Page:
Report says Wells Fargo, US Bank invest billions in most damaging fossil fuels
On January 26 at 10:15 am, 25 members of local climate change activist group MN350 entered the lobby of US Bank at the corner of Hennepin and University, chanting “US Bank, do some good, get Enbridge out of our neighborhood.” Community members then unveiled a river labeled Kalamazoo, Flint and Mississippi, and expressed concern about the negative effects of US Bank’s financing of coal and tar sands oil on drinking water, Native American communities and the climate.
Minnesota banking giants Wells Fargo and US Bank invest billions in some of the industries that are causing runaway climate change including tar sands oil development, mountaintop coal removal and fracking, according to a new report by MN350. “Despite their stated concern for the community and environment, Wells and US Bank are putting their financial might behind deadly and dying industries that disproportionately pollute communities of color and put life as we know it in peril,” said Ulla Nilsen, a MN350 member who co-authored the report. “The economics of a clean energy economy get better every day and would make a better investment than extreme fossil fuels.”
According to the report, Financing Climate Chaos: How Minnesota’s Banking Giants Prioritize Profit in the Face of Climate Change, US Bank and Wells Fargo have financed the expansion of tar sands oil, a type of mined oil that has high carbon emissions and devastating environmental effects. US Bank was the trustee for $400 million of securities issued in 2007 by Enbridge Energy, which is currently working on a massive expansion of their pipeline system linking new and existing pipelines across Minnesota, including what opponents call an illegal expansion of the Alberta Clipper tar sands pipeline at the US/Canada border. US Bank also served as the trustee for $1.5 billion in securities issued in 2014 by a subsidiary of Enbridge.
According to Rainforest Action Network, Wells Fargo has provided over two billion dollars in financing to tar sands companies since 2007.
Minnesota’s Native American communities have led opposition to the expansion of Enbridge’s pipeline network. Winona Laduke, executive director of Honor the Earth, states, “New pipelines proposals from Enbridge put our relationship to our land, its health, and our communities at risk — infringing on those treaty rights.”
Over the last 10 years, US Bank and Wells Fargo have provided over $12.7 billion in financing to the coal industry in the U.S., including significant support for the four largest coal companies in the U.S. — Peabody Energy Corporation, Arch Coal, Inc., Cloud Peak Energy, and Alpha Natural Resources. These four companies alone produce half of the coal in the United States.
In 2013, Wells Fargo and US Bank jointly provided $1.7 billion in financing to Alpha Natural Resources, which owns the majority of mountaintop removal projects in the U.S. The following year that company was found guilty of over 6,000 instances of illegally dumping toxins into the waterways, over a period of seven years, and agreed to $228 million in penalties and other costs.
“Mountaintop removal strip-mining is a particularly destructive form of coal mining, in which the tops of mountains are deforested and then removed with explosives and heavy machinery, flattening the landscape,” the report notes.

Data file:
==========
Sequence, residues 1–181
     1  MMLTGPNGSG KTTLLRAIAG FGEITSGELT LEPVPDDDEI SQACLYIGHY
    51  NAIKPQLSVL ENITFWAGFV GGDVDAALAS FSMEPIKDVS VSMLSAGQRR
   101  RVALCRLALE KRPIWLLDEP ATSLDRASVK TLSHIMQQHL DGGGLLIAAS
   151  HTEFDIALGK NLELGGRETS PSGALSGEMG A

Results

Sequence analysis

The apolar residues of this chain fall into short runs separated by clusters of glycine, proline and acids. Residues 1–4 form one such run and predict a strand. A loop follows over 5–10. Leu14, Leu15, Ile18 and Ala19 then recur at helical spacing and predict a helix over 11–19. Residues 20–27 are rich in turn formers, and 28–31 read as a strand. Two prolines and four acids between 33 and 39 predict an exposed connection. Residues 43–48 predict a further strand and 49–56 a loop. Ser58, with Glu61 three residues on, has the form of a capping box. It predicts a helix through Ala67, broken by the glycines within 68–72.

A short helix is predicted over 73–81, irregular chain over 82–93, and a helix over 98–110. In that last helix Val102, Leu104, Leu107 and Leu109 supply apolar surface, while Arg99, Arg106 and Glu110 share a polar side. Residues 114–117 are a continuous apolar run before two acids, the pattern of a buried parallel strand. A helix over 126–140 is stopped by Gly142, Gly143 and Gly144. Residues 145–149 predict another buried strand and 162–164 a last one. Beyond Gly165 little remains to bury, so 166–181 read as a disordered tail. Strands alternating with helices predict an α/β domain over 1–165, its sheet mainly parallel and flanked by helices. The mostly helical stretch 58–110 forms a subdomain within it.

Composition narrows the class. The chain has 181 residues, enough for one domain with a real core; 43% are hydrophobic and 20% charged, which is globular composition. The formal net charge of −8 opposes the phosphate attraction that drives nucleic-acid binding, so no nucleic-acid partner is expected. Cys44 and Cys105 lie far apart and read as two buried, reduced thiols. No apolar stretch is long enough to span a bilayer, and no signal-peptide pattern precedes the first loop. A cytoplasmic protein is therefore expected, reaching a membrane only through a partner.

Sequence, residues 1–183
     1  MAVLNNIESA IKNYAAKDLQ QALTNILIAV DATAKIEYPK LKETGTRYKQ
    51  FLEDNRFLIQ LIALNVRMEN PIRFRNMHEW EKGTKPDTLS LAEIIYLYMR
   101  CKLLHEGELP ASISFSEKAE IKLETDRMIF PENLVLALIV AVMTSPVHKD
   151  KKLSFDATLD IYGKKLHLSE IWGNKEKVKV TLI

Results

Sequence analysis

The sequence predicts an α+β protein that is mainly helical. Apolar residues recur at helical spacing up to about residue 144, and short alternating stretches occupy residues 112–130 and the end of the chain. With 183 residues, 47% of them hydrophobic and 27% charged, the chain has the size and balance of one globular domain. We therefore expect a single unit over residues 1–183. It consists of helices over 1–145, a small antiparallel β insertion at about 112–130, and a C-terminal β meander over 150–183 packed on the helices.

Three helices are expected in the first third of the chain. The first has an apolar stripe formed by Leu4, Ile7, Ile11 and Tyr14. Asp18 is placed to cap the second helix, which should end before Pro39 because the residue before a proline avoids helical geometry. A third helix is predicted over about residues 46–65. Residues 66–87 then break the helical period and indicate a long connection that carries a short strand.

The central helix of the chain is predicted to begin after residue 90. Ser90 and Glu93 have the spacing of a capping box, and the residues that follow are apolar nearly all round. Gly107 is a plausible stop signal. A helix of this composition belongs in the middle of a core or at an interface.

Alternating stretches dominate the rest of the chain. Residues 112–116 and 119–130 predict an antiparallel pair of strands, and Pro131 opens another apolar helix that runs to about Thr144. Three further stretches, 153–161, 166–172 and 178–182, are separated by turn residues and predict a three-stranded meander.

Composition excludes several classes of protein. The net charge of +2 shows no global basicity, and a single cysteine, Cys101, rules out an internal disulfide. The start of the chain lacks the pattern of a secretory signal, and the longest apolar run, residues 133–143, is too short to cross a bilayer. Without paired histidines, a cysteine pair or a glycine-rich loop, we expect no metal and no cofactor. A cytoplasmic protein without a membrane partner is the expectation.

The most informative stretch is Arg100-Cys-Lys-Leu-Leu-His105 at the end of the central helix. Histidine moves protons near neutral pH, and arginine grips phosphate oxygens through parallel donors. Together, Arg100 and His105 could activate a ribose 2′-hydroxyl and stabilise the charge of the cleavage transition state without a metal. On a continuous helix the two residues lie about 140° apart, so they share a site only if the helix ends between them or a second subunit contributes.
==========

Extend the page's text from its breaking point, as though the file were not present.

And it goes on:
US Bank and Wells Fargo also invest heavily in hydraulic fracking nationwide. “The two banks have provided over $24 billion in financing over the last 10 years to companies in the fracking industry,” the report states.
The report calls on US Bank and Wells Fargo to stop financing the most extreme fossil fuel projects. “A commitment to move away from financing these sorts of extreme extraction projects — fracking, tar sands and shale oil infrastructure and destructive coal mining — would be a powerful statement in favor of a sustainable future,” it states. It also recommends that banks divest investment funds from fossil fuel companies, actively seek out clean energy, socially just investments such as community solar projects, and support strong public policies that will enable reductions in greenhouse gas emissions.
“Banks are in a position to either prolong the patterns of intensive energy use based on the burning of fossil fuels, or to invest in the necessary transition to an environmentally sustainable and just economy,” Nilsen said.
Organizers with MN350 have reached out on multiple occasions to US Bank executives asking them to meet with concerned community members. Organizers hand-delivered a letter to US Bank and announced that if US Bank refuses to engage on this issue, members will be moving their money to another bank at a Move Your Money day of action February 16.
In recent months, many banks and international lending institutions, including the World Bank, Bank of America and Goldman Sachs have slowed or stopped their financing of the coal industry entirely, while US Bank has not. Mark Carney, the governor of the Bank of England, declared that the warming climate presented major risks for the global economy and global financial stability in a recent speech, the New York Times reported.
This information was provided by MN350, a Minnesota-based spin-off of the global 350.org, dedicated to “building a climate movement by inviting and inspiring Minnesotans to take powerful, collective action grounded in urgency, justice and possibility for our planet.”